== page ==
#HealMeToo Festival & Podcast Present: SKIN
“Amazing show… Fabulous evening.”—Tony award-winner Tonya Pinkins
“One of the best solo plays I have ever seen. a stunning evening...”—Elizabeth Van Dyke, award-winning director, Ensemble Studio Theatre
SKIN is a queer love story with music about reclaiming sex, love and wholeness after sexual violence.
In this frank and funny solo show, two things threaten a grad student’s dissertation on Virginia Woolf: her hot new girlfriend and her own dark past.
SKIN explores some of the ways art helps us heal, as the grad student races to write herself into a happier future. Her work and sex both get inventive as she strives for a love greater than any she’s known before. But after you learn to guard against life, can you open up again?
Created & performed by the founder and artistic director of the #HealMeToo Festival, Hope Singsen. Directed by Jessi D. Hill. Music by Hope Singsen, Bob Parins, Micah Burgess and Dillon Kondor.
#hEALMETOO podcast Episode 7 > see episode details
In #HealMeToo Podcast Episode 7, the sex educator, relationship advisor & co-founder of okayso.app, Elise Schuster (bio), joins therapist Valeria Koutmina (bio) of The Art Therapy Project to discuss questions raised by SKIN about the healing process with artist, activist and researcher, Hope Singsen.
In a related Podcast Extra, you’ll hear a recording of the talk Hope gave at the national conference of the Alliance for Arts in Research Universities, about the ways she is using SKIN to (hopefully) help audiences move toward healing, and how she is demonstrating these impacts through audience research.
“A powerful exploration of self, touch, time, and healing. SKIN took my breath away.”—Audience Member
“Incredible… A tour de force.”—Audience Member
"I will look back on seeing SKIN as the turning point in my journey to heal." —University of Georgia Audience Member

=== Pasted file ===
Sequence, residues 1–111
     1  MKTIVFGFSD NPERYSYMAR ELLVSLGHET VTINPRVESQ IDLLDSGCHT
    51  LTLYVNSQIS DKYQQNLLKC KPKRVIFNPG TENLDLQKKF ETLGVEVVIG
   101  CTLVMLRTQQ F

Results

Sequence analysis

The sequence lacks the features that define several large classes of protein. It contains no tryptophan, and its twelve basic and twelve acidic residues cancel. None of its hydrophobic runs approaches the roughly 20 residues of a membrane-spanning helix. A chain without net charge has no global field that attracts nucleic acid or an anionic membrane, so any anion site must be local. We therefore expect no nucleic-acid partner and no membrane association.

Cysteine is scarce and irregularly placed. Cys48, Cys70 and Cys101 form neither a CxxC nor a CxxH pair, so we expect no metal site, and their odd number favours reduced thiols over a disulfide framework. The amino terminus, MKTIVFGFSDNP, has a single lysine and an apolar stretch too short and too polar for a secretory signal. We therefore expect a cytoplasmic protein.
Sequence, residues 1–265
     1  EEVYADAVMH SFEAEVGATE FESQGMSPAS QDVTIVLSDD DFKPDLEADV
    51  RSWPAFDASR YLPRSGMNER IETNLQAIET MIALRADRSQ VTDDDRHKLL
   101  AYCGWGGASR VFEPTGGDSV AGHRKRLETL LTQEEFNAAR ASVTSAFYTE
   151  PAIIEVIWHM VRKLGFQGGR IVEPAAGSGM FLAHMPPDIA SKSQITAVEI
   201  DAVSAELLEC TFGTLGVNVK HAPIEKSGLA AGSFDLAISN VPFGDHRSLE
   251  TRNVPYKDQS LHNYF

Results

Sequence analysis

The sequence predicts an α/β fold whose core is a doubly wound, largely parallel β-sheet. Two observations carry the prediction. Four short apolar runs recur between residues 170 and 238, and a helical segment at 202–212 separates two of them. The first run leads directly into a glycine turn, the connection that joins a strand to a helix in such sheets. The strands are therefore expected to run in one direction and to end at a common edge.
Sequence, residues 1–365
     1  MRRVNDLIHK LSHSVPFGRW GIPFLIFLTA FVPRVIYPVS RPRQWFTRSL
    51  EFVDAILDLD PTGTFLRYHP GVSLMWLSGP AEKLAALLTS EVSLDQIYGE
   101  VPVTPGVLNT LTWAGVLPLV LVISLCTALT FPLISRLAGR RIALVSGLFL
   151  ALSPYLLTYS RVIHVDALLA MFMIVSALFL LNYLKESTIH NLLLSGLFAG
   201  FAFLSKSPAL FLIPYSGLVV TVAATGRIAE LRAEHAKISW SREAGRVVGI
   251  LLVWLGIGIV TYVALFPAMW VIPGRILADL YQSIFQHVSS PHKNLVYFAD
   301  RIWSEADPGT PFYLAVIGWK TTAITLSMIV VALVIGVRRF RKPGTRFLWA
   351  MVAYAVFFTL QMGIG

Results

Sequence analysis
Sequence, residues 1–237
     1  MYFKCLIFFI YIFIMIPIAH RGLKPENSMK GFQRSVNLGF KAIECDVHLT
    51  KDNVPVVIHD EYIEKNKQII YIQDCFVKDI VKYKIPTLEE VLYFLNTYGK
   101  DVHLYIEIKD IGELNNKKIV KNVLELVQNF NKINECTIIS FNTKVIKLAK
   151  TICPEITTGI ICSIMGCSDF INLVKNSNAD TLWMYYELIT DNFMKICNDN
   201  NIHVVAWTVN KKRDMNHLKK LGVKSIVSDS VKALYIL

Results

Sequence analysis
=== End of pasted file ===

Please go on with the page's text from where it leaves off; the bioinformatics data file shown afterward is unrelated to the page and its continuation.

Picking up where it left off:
"Empowering. Inspiring. Funny! A critically important topic handled sensitively and creatively."—Exec. Dir. NYC Dept of Education Counseling & Support Program
“Beautiful, brave, raw, and real. As complex, layered and as deeply investigated as anything Woolf wrote. I feel lucky I saw it.”—Brian McManamon, Julliard School Guest Director
"I’ve never met anyone who, with such kindness and gentleness told their story so raw. It was incredibly beautiful and I don’t think I’ll ever feel alone in this again.”—Dutchess College Audience Member
“Magical… you’ve managed to combine love, hardship, passion, and memory into art. SKIN was one of the most engaging and honest shows I’ve ever seen.”—Vassar College Audience Member
"Tender, playful, clever, and nuanced – I highly recommend SKIN for anyone who has confronted trauma or cares about someone who has."—Zoe Ridolfi-Starr, Co-Founder with Mattress Performance artist Emma Sulkowicz of Columbia University direct action activist group, No Red Tape
“I was healed by honesty.”—NYU Audience Member
“A stunning evening of theatre. The acting is superb: rooted in truth, nuanced and subtle. The script is excellent: so intelligent, well written, conceived. I was blown away.”—Elizabeth Van Dyke, Award-winning Director, Ensemble Studio Theatre
#healmetoo Podcast Episode 7 details
Elise schuster and Valeria Koutmina share their professional perspectives as Hope offers examples from personal life as well as within her play, SKIN, to illuminate:
Why it takes so long to recognize and recover from impacts of sexual violence
Why it's often hard to know how "healed" we are, and what to expect from healing
Why it takes time to change behaviors after they’re set, and how our assumptions about the process can make it more difficult
Ways that sexual trauma can create issues around identity, shame, safety, trust, sex itself, learned helplessness, self-doubt, and an impression our bodies are vehicles for pain
How cultural ideas about sexuality can get in the way for survivors and non-survivors alike
Why believing we are “broken” and needing to be "fixed" contributes to a feeling of helplessness -- even as we feel we have to present ourselves as unharmed
How nonverbal art-making within a therapeutic relationship helps, using the same parts of the brain where trauma was originally stored
Ideas to help practice new ways of healing, like:
Cultivating self-compassion instead of self-blame and helplessness
Recognizing that the healing process doesn’t make rational sense, and celebrating strengths that emerge, like the ability to reach out for help
Taking breaks to put aside the work and feelings sometimes to get some distance
Shifting from “I am this” to understanding “I do this,” to find the space to change what Brenee Brown calls “the story we are telling ourselves”